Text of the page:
|Tom Brady Suspension Overturned: What’s Next?||James Develin Out For Season with Broken Leg||The Hanley Ramirez Experiment, In General, Must End||Red Sox Trade Alejandro De Aza to San Francisco Giants|
After what seemed like 25 years in a Red Sox uniform, J.D Drew will not be in the Red Sox line-up next season. No, he didn’t hurt himself not caring about anything. His five-year paid vacation is finally up. He had teased retirement ever since he signed that five-year deal and now that it’s time to make a decision, he’s not too sure at what he really wants to do.
Drew’s agent Scot Boras told several sources that Drew signing with a team this winter pretty much depends on “locale and winning situation.” So, basically, the Angels. He didn’t say the Angels, but “locale and winning situation” doesn’t exactly describe Kansas City or Minnesota.
Wherever Drew ends up next season will certainly be far, far away from Red Sox nation. There’s a one percent of fans (female, mostly) who like Drew. Now, I’m going to spoil the article for you pink hats and refer right now that I really don’t have much respect for J.D. Drew the baseball player. You can send me as much hate mail that you want, but please do not call me a hater. When ever I hear that word, what I really hear is “you disagreed with me and since I’m not witty or original, this is the best I can come up with.” If your going to contact me to complain, please put a little more passion into it. I mean, it’s not like you’re J.D Drew or something, right?
The fact of the matter is, J.D. Drew didn’t really connect with most fans in his time with Boston. He never really clicked with Red Sox nation. The timing wasn’t exactly ideal for him either as he replaced one of the all-time fan favorites: Trot “Christopher” Nixon. Nixon was the epitome of the hard work and heart. His passion and excitement for the game was unmatched and it was almost childlike in many ways. He was a true “dirt dog,” years before Jerry Remy coined the phrase and used the money to buy a planet. I don’t think I really ever met too many people who had an issue with Trot. He was always very hard to root against.
Then, he gets pushed aside for J.D Drew. And very quickly, we all learned exactly why the Philly fans throw batteries at people. All that passion and emotion that Trot wore on his sleeve day in and day out was gone. Instead, we were left with this Vulcan. Drew’s time in Boston statistically did not equal his worth in dollars and cents. At $70 million during the duration, he batted .264 and averaged around 16 home runs and about 57 RBI. Oh, yeah, he had one post season grand slam in 2007. So, for one inning, the man with the hamstrings and shoulders made of Legos was worth having around. But, really, what’s one good memory in a sea of millions of bad memories? Not much. In five years here in Boston, Mr. Drew, you managed to succeed very well in all the wrong things. Happy trails, J.D. Try not to break a rib on your way out.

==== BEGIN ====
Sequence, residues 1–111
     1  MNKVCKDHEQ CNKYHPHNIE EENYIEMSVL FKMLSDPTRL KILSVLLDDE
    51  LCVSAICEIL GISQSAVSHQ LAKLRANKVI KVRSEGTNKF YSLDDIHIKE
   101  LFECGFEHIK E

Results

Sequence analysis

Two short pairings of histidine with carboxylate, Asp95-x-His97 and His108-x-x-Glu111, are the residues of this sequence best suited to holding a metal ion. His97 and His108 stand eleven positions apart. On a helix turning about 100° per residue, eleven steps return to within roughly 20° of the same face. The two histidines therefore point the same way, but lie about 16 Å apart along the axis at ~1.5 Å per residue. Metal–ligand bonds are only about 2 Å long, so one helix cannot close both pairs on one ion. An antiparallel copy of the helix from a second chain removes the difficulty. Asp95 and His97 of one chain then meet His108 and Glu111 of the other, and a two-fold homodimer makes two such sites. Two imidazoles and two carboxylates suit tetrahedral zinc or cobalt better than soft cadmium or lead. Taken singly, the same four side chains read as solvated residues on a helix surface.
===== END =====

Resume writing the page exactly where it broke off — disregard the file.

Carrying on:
Michael Cuddyer, Twins. The most amount of games that Drew has played during his Red Sox career (139) are the least amount of games Cuddyer has played in his career as a starter for Minnesota. He’s coming off his first All-Star selection in 2011 and he comes with the ability to also play infield positions as well.
Josh Willingham, Athletics.The Red Sox should really make an effort to pursue this very solid outfielder out of Oakland. He had an excellent offensive 2011 (29 homers and 98 RBIs) in that cavern of a ballpark. I should note that taking on Willingham as a right fielder will be a transition for him, as he played left for the A’s. Regardless, he should be able to make the adjustment and would be a great addition to the outfield.
Josh Reddick, Red Sox. The most obvious choice would be to just make Reddick a starter and not bother with the free agent market. Why not? Thanks to Drew’s injuries, he had 87 games to tryout for the spot. In those 87 games he hit .280 and had an OPS of .784. I’d feel perfectly time with the Sox giving the home-grown guy a chance at a full season. The team does have a pretty good track record when it comes to sticking with their farm guys.
Carlos Beltran, Giants. He’s the guy they should stay away from. He can certainly hit one hell of a baseball, but he’s also on the wrong side of 30 (34) and whatever contract he signs isn’t going to make him younger at the end of it. Plus, he’s been injury plagued for the past few years. He often comes off as apathetic towards his team’s success and failures. He strikes out looking, a lot. Didn’t we just go through this with someone else.